Poroporoaki ki a Ani
across all of those she interacted with from Ministers in Government through to whānau across Hawke's Bay and Tairāwhiti rohe, indeed across Aotearoa.
Annie knew her people and her region and her advice and input was actively sought by everyone. She sat effortlessly with leaders in government at a national, regional or local level, community, hapū and iwi and loved working in collaboration, connecting the dots and focusing on what matters which was whānau. Annie always had whānau at the heart of her every thought and action, not just in mahi, but in life.
She was also quietly stoic and determined, described as a "silent assassin," surprising people with her resolve and ability to cut through red tape to ensure results that improved the lives and wellbeing of whānau. Annie was a very humble person who preferred to "do the mahi" and never She loved her family, her husband James, her sought accolades or recognition "kāore te three children, her eight moko, her parents, kūmara e kōrero mō tōna ake reka". siblings, nieces and nephews. Everyone inhabited a special place in her heart and Knowing Annie as I do, I know she would have she and James were especially excited when found the kōrero about her uncomfortable they became grandparents. Her time with her but would have accepted it with her usual moko were especially precious with Friday grace. In 2020, Annie received the New nights quickly becoming exclusively Nanny Zealand Public Service Medal formally and Koro time. Although she is no longer acknowledging her ability to successfully here she will, alongside her treasured Dad lead Māori-Crown relationships and achieve Albert, continue to watch over her whānau. mutual outcomes across the public sector. To me, Annie was my friend and, along with many others, I will miss her dearly. Her ability and vision was again acknowledged at the National Iwi Chairs "Annie, your MSD whānau and the wider Housing Symposium in December 2020, public service did you proud. Although where a resolution was passed stating grieving and reeling with loss themselves, the need to "increase public sector Māori they stood up and provided the awhi and leadership that achieves meaningful manaaki to your immediate whānau so they Iwi Crown partnership outcomes with could spend what precious time they had such leadership as from … Annie Aranui" left with you and to ensure their leader was reiterating her success and the respect farewelled in the manner you deserved. They they had for her mahi and leadership. certainly did that". A great leader is also measured by the footprint they leave behind. Annie had an ability to spot and foster talent. She was forever thinking about those around her, what awhi she could provide so they could reach their potential; especially wāhine Māori. Giving young Māori an opportunity to be mentored and supported into employment was especially dear to her. Her internship model taking on Year 11 or above students from local high schools across her region into meaningful roles within the Ministry in the school holidays is a good example of that. Her hope is that other local and central government agencies will follow her example. Those she coached, mentored and enabled across Aotearoa are now her legacy of leaders continuing to walk the path she helped them create.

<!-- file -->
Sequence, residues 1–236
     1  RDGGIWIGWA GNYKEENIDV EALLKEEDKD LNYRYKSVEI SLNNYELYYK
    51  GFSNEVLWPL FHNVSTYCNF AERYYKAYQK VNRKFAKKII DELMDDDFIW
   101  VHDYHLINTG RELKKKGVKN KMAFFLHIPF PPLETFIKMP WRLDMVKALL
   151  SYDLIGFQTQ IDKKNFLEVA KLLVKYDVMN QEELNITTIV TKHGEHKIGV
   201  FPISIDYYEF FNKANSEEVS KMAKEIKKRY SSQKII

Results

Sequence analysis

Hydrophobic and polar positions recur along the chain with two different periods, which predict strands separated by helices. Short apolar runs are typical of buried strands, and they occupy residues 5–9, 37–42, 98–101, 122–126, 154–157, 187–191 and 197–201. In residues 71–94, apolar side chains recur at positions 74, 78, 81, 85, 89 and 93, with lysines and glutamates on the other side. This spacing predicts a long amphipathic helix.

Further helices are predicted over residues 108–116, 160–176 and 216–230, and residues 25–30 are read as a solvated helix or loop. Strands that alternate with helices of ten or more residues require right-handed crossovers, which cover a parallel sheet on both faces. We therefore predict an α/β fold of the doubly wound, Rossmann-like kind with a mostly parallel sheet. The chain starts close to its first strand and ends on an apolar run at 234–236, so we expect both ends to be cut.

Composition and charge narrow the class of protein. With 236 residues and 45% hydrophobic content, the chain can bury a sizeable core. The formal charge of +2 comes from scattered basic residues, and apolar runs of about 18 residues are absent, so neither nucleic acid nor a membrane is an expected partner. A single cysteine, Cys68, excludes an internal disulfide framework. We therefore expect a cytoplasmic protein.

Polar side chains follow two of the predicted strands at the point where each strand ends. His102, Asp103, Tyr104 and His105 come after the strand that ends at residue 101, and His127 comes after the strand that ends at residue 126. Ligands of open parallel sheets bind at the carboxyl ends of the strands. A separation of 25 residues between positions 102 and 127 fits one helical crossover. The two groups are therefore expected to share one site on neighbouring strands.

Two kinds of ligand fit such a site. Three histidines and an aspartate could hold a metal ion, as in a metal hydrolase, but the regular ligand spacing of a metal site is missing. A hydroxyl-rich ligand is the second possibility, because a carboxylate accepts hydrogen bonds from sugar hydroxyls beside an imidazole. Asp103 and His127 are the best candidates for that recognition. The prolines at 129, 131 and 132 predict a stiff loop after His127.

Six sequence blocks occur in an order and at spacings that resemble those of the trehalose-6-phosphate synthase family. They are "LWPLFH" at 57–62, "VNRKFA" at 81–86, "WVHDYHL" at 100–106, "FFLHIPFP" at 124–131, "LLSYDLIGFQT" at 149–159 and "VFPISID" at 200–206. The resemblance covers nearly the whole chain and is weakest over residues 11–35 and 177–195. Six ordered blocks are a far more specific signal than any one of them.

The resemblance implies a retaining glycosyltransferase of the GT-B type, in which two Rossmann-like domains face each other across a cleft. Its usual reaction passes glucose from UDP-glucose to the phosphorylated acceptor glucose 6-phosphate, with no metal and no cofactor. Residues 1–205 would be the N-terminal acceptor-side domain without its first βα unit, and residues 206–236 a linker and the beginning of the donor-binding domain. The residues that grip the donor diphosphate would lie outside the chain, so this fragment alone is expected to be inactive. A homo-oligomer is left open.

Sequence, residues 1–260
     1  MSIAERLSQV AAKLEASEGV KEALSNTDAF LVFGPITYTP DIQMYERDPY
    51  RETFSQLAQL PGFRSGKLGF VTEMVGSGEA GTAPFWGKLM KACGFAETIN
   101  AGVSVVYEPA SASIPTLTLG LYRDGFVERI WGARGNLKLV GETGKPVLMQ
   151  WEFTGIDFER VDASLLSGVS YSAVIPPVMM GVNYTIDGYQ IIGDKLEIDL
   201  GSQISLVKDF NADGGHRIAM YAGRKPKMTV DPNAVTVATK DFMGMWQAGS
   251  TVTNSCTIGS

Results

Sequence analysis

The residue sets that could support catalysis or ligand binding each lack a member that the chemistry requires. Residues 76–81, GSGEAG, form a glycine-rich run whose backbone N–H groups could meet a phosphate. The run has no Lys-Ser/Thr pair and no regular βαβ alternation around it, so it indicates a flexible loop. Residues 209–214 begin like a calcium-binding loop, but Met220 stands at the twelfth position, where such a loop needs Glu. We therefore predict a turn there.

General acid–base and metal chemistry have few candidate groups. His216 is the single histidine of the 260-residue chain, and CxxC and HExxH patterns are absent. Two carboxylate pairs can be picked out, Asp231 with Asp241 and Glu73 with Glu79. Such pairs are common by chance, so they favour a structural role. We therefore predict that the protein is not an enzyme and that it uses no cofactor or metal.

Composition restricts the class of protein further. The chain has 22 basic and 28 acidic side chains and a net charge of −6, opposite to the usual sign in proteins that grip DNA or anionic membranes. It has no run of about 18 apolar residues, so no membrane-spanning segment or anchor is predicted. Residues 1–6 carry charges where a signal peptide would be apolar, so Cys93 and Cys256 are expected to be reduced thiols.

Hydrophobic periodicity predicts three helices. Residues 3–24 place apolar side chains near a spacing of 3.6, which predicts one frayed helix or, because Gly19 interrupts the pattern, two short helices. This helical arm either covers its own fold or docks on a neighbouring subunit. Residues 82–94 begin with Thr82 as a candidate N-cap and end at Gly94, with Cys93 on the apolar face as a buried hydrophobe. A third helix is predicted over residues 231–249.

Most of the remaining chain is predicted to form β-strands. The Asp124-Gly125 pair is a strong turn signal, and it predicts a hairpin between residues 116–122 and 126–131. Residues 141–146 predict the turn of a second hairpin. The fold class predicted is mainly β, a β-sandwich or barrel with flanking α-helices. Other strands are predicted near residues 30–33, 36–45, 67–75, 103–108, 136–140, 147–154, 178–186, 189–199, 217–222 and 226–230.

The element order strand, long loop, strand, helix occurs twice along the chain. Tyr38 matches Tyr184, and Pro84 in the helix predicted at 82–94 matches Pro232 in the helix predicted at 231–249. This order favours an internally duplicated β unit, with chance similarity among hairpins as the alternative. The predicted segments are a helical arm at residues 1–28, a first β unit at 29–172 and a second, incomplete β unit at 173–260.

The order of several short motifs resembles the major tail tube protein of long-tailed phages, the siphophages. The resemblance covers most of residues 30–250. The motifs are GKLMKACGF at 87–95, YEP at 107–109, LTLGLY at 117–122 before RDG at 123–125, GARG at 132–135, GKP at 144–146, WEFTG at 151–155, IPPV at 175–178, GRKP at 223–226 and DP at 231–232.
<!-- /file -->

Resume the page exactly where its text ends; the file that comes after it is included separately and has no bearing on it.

Kia hora te marino, kia papapounamu te moana, kia tere te kārohirohi i mua i tō huarahi. Moe mai, moe mai rā e hoa. Haere rā koe ki ō tāua mātua. Nā Chrissie Hape Chief Executive Ngāti Kahungunu Iwi Incorporated ____________________________________ We are shocked and deeply saddened by the sudden passing of Annie Aranui, a tireless champion and servant of the people of Tairāwhiti. Annie’s contribution to Rongowhakaata and the Tairāwhiti community at large, was immense, was selfless, was impactful. Over the years her tireless commitment to our district was demonstrated in the various roles she took on including MSD Regional Manager, stalwart Manaaki Tairāwhiti member and co-chair of the Tairāwhiti CARE group and in her many successes in securing significant government investment into our region. Last week, Amohaere and I joined with the leadership of other Tairāwhiti Iwi, the Mayor and senior Council officials, Trust Tairāwhiti, Manaaki Tairāwhiti, Te Puni Kōkiri and MBIE to pay our respects to Annie and share our grief and aroha with her whānau at Moteo marae.